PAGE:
“Sore winners” was the phrase critic John Powers came up with to describe the George W. Bush administration, but the term seems more lastingly applicable to those members of the 1 percent who decry the broad economic populism across the land. The most notoriously sore winners are those mega-wealthy investment bankers who have likened critics of economic inequality to the Nazis — most recently, Tom Perkins, founder of the venture capital group Kleiner Perkins Caufield Byers, who last week equated “the progressive war on the American one percent” to Kristallnacht.
Perkins’s parallel was quickly disavowed by sentient bankers, but there’s a less-unhinged version of 1 percenters’ resentments out there as well. In a Los Angeles Times op-ed last month, Richard Riordan (former L.A. mayor and leveraged-buyout whiz) and Eli Broad (the city’s leading multibillionaire philanthropist) admitted that “the facts on income inequality are stark and disturbing” but also insisted that it isn’t “a sin to be rich.”
Indeed, it’s not. And when wealthy individuals are understood to have bettered most people’s lives — as, say, Steve Jobs was — they win acclaim and even veneration. But the paths that many of today’s wealthiest Americans have taken on their road to riches have not bettered most people’s lives. Many have actually hurt most people’s lives. Their riches have come at most other people’s expense.
Since the recession officially ended in June 2009, for instance, the wages for all private-sector jobs have fallen, on average, by 0.5 percent. The wages for jobs in financial services, however, have risen by 5.5 percent. Inasmuch as the recession was brought about by the financial services industry, it’s understandable that this disparity would strike most people as unjust.
Or consider the mechanisms by which some CEOs earn huge salaries. Last week, the board of directors of JPMorgan Chase voted to raise chief executive Jamie Dimon’s annual pay to $20 million — up from $11.5 million — despite the fact that the bank paid the federal government around $20 billion last year to settle charges stemming from its multiple misdeeds. What could these directors have been thinking? Perhaps a better question: Who are these guys?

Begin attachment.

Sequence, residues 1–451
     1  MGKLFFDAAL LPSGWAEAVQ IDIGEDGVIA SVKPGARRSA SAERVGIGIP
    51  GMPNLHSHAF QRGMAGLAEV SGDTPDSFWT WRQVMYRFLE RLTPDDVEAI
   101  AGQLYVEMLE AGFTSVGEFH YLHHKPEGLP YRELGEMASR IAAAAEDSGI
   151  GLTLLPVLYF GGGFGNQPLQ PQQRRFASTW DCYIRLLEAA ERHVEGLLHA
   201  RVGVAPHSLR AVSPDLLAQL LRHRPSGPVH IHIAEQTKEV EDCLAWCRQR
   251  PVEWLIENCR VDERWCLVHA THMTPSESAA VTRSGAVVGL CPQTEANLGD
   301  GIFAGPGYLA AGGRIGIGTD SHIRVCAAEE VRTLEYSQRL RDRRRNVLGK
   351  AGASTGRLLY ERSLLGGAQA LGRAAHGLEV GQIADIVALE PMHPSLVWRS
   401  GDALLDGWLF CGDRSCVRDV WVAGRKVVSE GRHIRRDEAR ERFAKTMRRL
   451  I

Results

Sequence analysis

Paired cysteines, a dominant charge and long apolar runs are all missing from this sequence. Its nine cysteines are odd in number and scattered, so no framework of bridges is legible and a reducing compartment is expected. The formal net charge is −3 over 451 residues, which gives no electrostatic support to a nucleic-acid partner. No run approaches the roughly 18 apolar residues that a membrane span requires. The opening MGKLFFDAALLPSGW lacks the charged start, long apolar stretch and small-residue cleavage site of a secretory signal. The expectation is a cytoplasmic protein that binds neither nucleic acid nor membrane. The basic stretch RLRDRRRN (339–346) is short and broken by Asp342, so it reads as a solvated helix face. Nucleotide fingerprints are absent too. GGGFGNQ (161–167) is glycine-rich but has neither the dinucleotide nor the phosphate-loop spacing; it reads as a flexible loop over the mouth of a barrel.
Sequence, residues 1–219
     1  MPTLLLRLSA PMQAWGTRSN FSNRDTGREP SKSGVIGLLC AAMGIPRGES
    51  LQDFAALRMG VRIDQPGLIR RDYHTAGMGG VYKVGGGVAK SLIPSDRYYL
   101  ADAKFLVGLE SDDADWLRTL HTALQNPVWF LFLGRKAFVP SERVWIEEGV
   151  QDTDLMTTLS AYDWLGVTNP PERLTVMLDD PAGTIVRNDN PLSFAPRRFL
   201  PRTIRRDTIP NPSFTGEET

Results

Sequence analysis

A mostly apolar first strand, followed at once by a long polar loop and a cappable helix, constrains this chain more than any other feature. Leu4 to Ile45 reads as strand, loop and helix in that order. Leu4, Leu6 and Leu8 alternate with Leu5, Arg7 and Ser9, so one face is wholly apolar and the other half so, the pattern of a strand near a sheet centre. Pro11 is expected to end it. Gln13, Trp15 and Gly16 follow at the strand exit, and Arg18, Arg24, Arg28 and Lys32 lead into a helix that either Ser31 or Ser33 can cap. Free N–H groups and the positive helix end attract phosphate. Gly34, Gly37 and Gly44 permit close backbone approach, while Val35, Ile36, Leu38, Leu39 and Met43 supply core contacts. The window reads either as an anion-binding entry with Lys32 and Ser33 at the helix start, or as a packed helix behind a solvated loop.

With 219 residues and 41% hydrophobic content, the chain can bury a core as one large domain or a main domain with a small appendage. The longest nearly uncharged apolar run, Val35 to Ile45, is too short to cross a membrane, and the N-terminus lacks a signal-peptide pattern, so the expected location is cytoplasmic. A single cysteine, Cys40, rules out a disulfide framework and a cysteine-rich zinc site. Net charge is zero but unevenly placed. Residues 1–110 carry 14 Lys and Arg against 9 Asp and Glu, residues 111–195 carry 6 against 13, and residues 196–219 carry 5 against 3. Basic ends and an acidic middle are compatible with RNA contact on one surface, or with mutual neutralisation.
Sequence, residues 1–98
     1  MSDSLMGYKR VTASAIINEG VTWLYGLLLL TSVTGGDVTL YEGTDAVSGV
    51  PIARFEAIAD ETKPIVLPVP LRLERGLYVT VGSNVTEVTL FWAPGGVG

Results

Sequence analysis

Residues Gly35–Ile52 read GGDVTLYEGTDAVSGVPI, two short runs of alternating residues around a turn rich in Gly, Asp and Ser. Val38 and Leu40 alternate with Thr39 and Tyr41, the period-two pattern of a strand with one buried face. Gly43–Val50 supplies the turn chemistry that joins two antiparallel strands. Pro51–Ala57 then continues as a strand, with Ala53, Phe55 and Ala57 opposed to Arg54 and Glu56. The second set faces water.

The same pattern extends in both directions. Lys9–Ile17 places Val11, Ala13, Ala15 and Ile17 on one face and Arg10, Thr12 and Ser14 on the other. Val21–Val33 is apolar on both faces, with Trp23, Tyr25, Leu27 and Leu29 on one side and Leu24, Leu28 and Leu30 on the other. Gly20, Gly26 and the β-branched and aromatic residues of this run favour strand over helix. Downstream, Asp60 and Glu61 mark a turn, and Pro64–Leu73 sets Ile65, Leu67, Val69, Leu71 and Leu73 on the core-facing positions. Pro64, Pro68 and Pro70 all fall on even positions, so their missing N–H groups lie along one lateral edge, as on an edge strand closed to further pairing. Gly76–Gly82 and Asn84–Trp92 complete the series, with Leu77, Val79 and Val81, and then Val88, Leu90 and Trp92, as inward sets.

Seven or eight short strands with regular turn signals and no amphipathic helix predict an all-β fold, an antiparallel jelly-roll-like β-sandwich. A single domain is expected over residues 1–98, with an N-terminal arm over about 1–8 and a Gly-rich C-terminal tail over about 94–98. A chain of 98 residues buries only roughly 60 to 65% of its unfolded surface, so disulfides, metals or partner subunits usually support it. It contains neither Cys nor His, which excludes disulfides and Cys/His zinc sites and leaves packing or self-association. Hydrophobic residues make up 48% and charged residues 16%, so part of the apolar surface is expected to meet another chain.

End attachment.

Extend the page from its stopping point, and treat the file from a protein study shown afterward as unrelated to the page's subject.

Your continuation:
As Occidental College politics professor Peter Dreier has documented, a number of CEOs sit on JPMorgan’s board. They include Stephen Burke of NBCUniversal, who was paid $23.6 million in 2011; William Weldon, retired chief executive of Johnson & Johnson, paid $26.8 million in 2011; and Lee Raymond, retired chief executive of ExxonMobil, whose exit package came to at least $398 million. When CEOs are heavily represented on other CEOs’ boards, voting one another stratospheric pay packages can be the order of the day.
It wasn’t always thus. CEO pay before the 1980s didn’t exceed the median pay of their employees by factors in the hundreds. Reginald Jones, chief executive of General Electric in the 1970s, made just a small fraction of what his successor, Jack Welch, raked in, though the company’s growth rate under Jones exceeded that under Welch. But Welch changed the company’s culture completely, laying off more than 100,000 workers and focusing on raising GE’s share value, which his compensation reflected . Welch’s way became the norm for CEOs, so much so that laying off workers and depressing their pay has become the key factor in boosting corporate profits in recent years. As Jan Hatzius, chief economist for Goldman Sachs, noted in predicting the continued growth of profits in 2014, “the key reason is the continued slack in the US labor market and the resulting weakness of nominal wage growth.” With profits at a record high as a share of the nation’s gross domestic product and wages at a record low, it’s entirely proper that Americans question the legitimacy of the 1 percent’s wealth.
Many in that 1 percent argue that the root cause of this inequality is the nation’s deficient schools. Granting that our schools could be improved, that hardly explains why the pay of bankers and CEOs has soared, or why corporations would rather buy back their own shares than give their employees raises. If the voluble members of the 1 percent wish to reclaim some legitimacy, they might become active in campaigns to raise the minimum wage and make it possible for workers to form unions without fear of being fired. After all, some CEOs have unions of their own devoted to boosting their pay: They’re called corporate boards. Until and unless corporate leaders back their workers’ efforts to form unions, here’s some advice on what to say when their fellow Americans question the propriety and legitimacy of their wealth: nothing. One percenters, just shut up.